Re: Another Snake Oil Candidate

2007-09-13 Thread Ian G
Hagai Bar-El wrote: Hi, On 12/09/07 08:56, Aram Perez wrote: The IronKey appears to provide decent security while it is NOT plugged into a PC. But as soon as you plug it in and you have to enter a password to unlock it, the security level quickly drops. This would be the case even if they

RE: Another Snake Oil Candidate

2007-09-13 Thread Dave Korn
On 13 September 2007 04:18, Aram Perez wrote: to circumvent keylogging spyware - More on this later... The first time you plug it in, you initialize it with a password - Oh, wait until I disable my keylogging spyware. You enter that password to unlock your secure files -

Demonstration of Shor’s quantum factoring algorithm using photonic qubits

2007-09-13 Thread Dustin D. Trammell
NewScientist's write-up (subscription required for full article): http://technology.newscientist.com/article.ns?id=mg19526216.700 You can find the full paper here: http://arxiv.org/pdf/0705.1684 -- Dustin D. Trammell Product Security Analyst TippingPoint, a division of 3Com signature.asc

Experimental demonstration of Shor’s algorithm with quantum entanglement

2007-09-13 Thread Dustin D. Trammell
Also from the NewScientist article that I just posted, another paper from completely different researchers arriving at the same result: http://arxiv.org/pdf/0705.1398 -- Dustin D. Trammell Product Security Analyst TippingPoint, a division of 3Com signature.asc Description: This is a digitally

Re: Another Snake Oil Candidate

2007-09-13 Thread Jeffrey Altman
Damien Miller wrote: It protects against the common threat model of lost/stolen USB keys. Why is this snake oil? Your criticism seems akin to calling a physical lock insecure because it doesn't protect you from burglars once you have unlocked it. Many many years ago an office that a startup I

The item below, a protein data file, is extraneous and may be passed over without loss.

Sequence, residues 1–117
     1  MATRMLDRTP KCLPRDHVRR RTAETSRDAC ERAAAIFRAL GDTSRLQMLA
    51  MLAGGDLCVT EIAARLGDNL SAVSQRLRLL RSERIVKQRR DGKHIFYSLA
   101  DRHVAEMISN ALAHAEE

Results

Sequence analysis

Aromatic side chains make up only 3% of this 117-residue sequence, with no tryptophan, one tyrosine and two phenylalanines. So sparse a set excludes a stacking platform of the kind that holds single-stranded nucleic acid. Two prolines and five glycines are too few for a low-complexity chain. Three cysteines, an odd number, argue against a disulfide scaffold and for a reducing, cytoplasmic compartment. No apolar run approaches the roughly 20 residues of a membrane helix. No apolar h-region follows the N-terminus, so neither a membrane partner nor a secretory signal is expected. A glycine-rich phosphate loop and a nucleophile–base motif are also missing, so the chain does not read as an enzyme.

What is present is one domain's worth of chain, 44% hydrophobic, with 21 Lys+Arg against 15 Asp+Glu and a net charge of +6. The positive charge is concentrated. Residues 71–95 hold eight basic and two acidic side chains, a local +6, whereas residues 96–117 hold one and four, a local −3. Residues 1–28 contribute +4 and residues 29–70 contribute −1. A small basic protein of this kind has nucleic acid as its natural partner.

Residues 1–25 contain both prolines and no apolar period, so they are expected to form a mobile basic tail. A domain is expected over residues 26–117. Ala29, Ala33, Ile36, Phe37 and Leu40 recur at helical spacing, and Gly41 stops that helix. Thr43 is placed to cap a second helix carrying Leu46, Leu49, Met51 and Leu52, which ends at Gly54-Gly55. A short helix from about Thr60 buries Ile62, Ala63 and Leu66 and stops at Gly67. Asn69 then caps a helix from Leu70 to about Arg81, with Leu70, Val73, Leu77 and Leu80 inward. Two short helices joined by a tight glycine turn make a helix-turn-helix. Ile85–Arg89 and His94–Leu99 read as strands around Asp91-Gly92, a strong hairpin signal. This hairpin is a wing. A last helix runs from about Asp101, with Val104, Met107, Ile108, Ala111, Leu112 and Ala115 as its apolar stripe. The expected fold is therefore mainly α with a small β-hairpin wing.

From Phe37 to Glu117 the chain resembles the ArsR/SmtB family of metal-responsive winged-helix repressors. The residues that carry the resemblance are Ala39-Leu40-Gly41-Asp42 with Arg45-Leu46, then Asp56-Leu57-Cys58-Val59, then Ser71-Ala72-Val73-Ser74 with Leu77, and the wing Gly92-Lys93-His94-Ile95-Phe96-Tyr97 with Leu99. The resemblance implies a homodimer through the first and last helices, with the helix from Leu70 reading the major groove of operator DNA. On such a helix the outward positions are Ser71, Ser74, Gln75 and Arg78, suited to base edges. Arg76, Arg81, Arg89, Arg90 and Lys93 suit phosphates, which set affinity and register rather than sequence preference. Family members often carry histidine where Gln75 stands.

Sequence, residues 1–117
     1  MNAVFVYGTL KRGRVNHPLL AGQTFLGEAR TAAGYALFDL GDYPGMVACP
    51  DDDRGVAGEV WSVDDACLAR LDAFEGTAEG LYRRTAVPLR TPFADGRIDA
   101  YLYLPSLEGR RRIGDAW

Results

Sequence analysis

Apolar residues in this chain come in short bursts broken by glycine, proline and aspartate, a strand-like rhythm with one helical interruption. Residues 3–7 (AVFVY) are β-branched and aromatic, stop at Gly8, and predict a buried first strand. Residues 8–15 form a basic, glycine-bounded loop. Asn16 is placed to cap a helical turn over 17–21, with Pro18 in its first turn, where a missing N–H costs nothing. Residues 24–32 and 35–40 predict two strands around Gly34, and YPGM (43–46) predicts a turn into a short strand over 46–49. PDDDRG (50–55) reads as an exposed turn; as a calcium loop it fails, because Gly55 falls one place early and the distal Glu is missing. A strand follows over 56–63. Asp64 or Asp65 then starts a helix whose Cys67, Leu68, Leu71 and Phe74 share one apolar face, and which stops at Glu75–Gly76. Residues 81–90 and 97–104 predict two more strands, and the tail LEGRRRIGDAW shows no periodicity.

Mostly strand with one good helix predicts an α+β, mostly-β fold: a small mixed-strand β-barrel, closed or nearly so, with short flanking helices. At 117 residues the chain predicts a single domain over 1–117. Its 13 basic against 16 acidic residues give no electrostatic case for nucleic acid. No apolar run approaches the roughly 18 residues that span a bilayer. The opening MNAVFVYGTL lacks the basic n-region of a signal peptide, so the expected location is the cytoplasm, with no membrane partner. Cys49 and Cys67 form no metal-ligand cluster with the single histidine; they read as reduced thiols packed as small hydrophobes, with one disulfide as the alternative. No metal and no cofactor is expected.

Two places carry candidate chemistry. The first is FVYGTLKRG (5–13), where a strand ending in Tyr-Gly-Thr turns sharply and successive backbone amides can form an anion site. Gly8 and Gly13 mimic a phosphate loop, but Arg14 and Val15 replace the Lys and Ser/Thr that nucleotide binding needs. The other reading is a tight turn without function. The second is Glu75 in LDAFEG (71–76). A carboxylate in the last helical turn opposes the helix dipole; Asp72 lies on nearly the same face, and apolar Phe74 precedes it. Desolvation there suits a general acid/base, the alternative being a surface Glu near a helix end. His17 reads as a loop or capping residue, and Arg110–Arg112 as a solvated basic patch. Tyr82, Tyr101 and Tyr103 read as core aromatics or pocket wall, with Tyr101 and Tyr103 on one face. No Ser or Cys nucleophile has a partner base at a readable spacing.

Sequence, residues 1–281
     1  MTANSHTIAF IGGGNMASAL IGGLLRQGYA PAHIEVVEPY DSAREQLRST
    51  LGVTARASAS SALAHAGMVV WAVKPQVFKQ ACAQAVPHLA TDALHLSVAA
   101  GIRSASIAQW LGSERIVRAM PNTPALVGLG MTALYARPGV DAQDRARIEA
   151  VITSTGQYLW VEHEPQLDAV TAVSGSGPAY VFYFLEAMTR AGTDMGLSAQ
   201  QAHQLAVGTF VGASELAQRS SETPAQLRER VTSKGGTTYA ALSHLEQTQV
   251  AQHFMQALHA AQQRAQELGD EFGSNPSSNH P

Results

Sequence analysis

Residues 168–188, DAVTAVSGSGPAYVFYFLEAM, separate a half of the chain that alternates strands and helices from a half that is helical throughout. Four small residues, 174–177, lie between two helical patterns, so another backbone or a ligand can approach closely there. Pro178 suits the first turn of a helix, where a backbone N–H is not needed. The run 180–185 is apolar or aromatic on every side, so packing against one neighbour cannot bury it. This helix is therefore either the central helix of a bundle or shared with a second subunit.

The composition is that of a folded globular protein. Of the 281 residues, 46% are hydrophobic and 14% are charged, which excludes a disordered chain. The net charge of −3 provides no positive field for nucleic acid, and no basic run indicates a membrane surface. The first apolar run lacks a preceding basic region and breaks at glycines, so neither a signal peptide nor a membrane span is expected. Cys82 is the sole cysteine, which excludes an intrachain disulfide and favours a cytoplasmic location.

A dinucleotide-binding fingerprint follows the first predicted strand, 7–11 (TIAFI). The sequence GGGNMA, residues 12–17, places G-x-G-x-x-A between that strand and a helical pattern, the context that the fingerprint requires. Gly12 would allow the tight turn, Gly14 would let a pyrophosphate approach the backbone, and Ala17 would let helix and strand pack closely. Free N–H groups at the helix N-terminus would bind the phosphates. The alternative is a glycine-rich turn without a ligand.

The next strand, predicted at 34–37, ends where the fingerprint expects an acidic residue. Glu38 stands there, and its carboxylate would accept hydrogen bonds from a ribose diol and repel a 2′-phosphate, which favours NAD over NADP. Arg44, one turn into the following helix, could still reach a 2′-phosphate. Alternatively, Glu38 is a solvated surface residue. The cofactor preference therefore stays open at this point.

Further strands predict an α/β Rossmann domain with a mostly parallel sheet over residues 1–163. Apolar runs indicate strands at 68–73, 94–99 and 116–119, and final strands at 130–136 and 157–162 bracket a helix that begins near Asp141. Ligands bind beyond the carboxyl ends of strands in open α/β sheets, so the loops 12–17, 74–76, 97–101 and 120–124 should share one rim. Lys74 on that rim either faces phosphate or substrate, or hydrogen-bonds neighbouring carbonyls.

RE: Another Snake Oil Candidate

2007-09-13 Thread Charles Jackson
I looked at the Ironkey website and, although there is obviously a little marketing-speak, my snake-oil and BS detectors do not go off. Some of the criticisms by Aram Perez appear to be somewhat unjustified. Perez states: Protected by a password that is entered on whatever PC you plug the

Re: flavors of reptile lubricant, was Another Snake Oil Candidate

2007-09-13 Thread Ali, Saqib
On 13 Sep 2007 13:45:42 -, John Levine [EMAIL PROTECTED] wrote: I always understood snake oil crypto to refer to products that were of no value to anyone, e.g., products that claim to have secret unbreakable encryption, million bit keys, or one time pads produced by PRNGs. hear hear! I

Re: Another Snake Oil Candidate

2007-09-13 Thread Hagai Bar-El
Hi, On 13/09/07 15:14, Ian G wrote: Hagai Bar-El wrote: Hi, On 12/09/07 08:56, Aram Perez wrote: The IronKey appears to provide decent security while it is NOT plugged into a PC. But as soon as you plug it in and you have to enter a password to unlock it, the security level quickly drops.

Re: flavors of reptile lubricant, was Another Snake Oil Candidate

2007-09-13 Thread Aram Perez
Hi Folks, My last comment on this. I've stated my own personal opinion and anyone is free to disagree. On Sep 13, 2007, at 9:33 AM, Ali, Saqib wrote: On 13 Sep 2007 13:45:42 -, John Levine [EMAIL PROTECTED] wrote: I always understood snake oil crypto to refer to products that were of

Re: flavors of reptile lubricant, was Another Snake Oil Candidate

2007-09-13 Thread wangude
The below USB drive manufacture claims FIPS 140-2 certification. Encryption is now required for USB thumb drives used on DoD computer. This one is being used by the Military. http://www.kanguru.com/kanguruusbflash.html Thomas On 9/13/07, Ali, Saqib [EMAIL PROTECTED] wrote: On 13 Sep 2007